Japanese scientists said Wednesday they had successfully used mouse stem cells to grow kidneys in rat embryos, using a technique that could one day help grow human kidneys for transplant

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James Priest couldn’t make sense of it. He was examining the DNA of a desperately ill baby, searching for a genetic mutation that threatened to stop her heart. But the results looked as if they had come from two different infants

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We Are Multitudes

January 11, 2018

Women are chimeras, with genetic material from both their parents and children. Where does that leave individual identity?

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Julian Savulescu writes, “Scientists in the United States are creating so-called “human-pig chimeras” which will be capable of growing the much-needed organs. These chimeras are animals that combine human and pig characteristics. They are like mules that will provide organs that can be transplanted into humans.”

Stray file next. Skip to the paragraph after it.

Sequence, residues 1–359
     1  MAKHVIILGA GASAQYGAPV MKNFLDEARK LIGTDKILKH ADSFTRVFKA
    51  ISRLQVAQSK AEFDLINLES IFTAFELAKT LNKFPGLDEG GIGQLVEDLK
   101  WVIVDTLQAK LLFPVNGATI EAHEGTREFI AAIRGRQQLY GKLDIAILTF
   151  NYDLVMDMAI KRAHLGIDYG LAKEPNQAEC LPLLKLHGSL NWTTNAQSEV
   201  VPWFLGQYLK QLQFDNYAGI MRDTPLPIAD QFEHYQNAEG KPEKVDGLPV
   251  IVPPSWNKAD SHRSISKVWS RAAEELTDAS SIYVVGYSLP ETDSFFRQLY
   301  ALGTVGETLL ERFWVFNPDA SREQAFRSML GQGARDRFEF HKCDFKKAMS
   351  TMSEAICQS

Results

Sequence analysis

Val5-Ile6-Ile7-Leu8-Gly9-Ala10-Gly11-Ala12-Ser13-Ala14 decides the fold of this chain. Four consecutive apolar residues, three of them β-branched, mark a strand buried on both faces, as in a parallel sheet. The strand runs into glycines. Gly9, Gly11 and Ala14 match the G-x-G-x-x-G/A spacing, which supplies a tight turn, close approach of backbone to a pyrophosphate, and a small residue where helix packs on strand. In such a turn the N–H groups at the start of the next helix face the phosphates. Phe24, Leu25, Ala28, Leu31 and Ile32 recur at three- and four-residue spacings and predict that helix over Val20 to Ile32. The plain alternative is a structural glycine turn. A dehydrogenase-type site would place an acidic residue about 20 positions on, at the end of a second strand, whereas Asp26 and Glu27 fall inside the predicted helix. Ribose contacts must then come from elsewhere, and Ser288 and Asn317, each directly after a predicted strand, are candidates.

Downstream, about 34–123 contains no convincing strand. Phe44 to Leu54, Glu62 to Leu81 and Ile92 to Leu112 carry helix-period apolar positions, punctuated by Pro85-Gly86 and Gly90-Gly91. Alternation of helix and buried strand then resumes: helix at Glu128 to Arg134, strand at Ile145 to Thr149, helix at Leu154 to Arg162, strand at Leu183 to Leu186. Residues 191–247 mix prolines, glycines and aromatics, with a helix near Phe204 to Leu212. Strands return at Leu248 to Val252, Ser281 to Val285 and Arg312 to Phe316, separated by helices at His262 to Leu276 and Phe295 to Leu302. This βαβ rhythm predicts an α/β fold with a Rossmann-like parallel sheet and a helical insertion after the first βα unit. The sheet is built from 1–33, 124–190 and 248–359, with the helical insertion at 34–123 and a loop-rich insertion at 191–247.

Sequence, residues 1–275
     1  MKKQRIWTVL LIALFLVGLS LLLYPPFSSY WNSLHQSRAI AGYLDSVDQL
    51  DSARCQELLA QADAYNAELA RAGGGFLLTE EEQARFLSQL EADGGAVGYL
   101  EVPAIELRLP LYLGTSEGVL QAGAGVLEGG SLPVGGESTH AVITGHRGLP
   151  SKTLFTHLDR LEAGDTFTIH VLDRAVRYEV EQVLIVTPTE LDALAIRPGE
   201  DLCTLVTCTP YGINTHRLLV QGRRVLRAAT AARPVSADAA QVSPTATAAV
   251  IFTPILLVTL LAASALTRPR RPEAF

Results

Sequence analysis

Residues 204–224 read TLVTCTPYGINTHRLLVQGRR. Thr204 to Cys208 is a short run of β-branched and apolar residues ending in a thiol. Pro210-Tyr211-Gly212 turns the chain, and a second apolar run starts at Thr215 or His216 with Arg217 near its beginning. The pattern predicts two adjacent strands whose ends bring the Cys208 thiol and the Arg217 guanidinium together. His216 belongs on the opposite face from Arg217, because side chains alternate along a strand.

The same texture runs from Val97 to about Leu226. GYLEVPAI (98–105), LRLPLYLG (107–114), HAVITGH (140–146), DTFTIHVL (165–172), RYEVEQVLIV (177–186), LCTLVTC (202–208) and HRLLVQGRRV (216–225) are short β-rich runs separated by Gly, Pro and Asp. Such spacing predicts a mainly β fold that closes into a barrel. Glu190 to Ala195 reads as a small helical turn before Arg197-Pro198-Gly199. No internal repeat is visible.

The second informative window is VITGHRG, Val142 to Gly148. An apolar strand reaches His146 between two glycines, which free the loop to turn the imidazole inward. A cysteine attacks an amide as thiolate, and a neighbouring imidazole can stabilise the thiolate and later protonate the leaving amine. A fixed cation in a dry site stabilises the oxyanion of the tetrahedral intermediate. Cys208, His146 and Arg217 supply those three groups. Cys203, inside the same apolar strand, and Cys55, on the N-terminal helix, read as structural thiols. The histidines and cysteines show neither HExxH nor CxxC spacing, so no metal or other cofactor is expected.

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Chimaeras are both monsters of the ancient imagination and a long-established research tool. Recent advances, particularly those dealing with the identification and generation of various kinds of stem cells, have broadened the repertoire and utility of mammalian interspecies chimaeras and carved out new paths towards understanding fundamental biology as well as potential clinical applications

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